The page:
An Eleanor Catton reading list

Eleanor Catton.jpg (Photo by Joel Ryan/Invision/AP)

In October, Canadian-born, New Zealand-raised author Eleanor Catton won the Man Booker prize for her novel The Luminaries. At just over 800 pages, the novel is a murder mystery that takes place during the 19th-century gold rush in New Zealand. Catton said she drew inspiration from novels of the past.

She recently sat down with CBC Music to discuss her influences in more detail. Here is an Eleanor Catton reading list drawn from that interview.



HARRYPOTTER.jpgHer favourite books from childhood that inspired The Luminaries:

"I'm also of the generation that grew up alongside Harry Potter. The first book was published when I was the same age as Harry in the book. I was 12 and he was 12. So I got on that bandwagon and those were really important to me. I still see them as consummate mysteries. Even more amazing because over the course of the seven books there is this arch mystery that she had been planning for the whole time and nobody sees it coming."



TALENTEDMRRIPLEY.jpgBooks Catton read as research for The Luminaries:

In researching The Luminaries, I did read quite a lot of 20th-century crime. My favourites out of that were James M. Cain, Dassiell Hammett, Raymond Chandler and Graham Greene and Patricia Highsmith."





THEBROTHERSKARAMAZOV.jpgThe biggest influence on The Luminaries:

The most influential book on the writing of The Luminaries was The Brothers Karamazov, which is just a little longer. I'd say that was pretty important."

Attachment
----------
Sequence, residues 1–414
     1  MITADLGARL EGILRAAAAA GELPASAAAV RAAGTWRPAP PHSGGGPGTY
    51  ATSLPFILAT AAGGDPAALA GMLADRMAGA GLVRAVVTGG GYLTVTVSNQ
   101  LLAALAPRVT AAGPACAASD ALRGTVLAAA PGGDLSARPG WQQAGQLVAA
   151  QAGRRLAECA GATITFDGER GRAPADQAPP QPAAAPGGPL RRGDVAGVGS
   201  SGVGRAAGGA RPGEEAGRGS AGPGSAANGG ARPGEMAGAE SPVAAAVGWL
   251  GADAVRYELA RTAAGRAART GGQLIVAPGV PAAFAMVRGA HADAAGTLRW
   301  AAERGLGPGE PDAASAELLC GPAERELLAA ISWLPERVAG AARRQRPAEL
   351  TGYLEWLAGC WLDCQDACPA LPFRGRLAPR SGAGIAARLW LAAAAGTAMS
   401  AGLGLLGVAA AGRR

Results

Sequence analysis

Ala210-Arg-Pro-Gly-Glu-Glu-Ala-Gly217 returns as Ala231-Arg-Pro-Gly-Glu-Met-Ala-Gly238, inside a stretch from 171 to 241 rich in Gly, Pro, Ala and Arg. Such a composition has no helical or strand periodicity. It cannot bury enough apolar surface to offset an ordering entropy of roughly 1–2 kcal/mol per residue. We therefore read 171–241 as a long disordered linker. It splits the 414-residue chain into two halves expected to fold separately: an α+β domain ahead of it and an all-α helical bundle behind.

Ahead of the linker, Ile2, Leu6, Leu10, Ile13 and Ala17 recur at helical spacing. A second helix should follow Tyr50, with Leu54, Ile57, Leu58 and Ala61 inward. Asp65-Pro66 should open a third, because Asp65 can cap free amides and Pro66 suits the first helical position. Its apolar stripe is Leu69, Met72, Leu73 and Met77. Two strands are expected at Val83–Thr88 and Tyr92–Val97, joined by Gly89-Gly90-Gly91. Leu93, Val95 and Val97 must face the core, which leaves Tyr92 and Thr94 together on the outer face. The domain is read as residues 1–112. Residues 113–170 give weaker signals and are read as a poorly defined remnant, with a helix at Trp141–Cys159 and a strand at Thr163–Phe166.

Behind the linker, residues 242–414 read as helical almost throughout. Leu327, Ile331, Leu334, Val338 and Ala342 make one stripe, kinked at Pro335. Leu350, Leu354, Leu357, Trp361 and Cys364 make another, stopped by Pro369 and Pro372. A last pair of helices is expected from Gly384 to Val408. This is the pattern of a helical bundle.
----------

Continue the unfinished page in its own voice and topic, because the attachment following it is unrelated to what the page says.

middlemarch.jpg

Other all-time favourite books:

"Middlemarch is an all-time favourite book of mine. Anna Karenina. Those books of the 19th century. Moby Dick was huge for me as well. And The Portrait of a Lady. I loved Hilary Mantel's Thomas Cromwell books and can't wait for the next one. Julian Barnes wrote a book called Arthur & George, which was about Arthur Conan Doyle, which I really enjoyed."




HANDMAIDSTALE.jpg

Her favourite Canadian books:

"Margaret Atwood was the author who took me out of children's literature and guided me towards adult literature. When I was 12 or 13 I first read Alias Grace and The Handsmaid's Tale. They were books that were difficult enough and they challenged me enough to make me feel proud to have read them. I remember steering the course of my reading away from the children's section of the library after encountering her. I met her in Dublin this year, of all places. We were having a whiskey in the bar."

 

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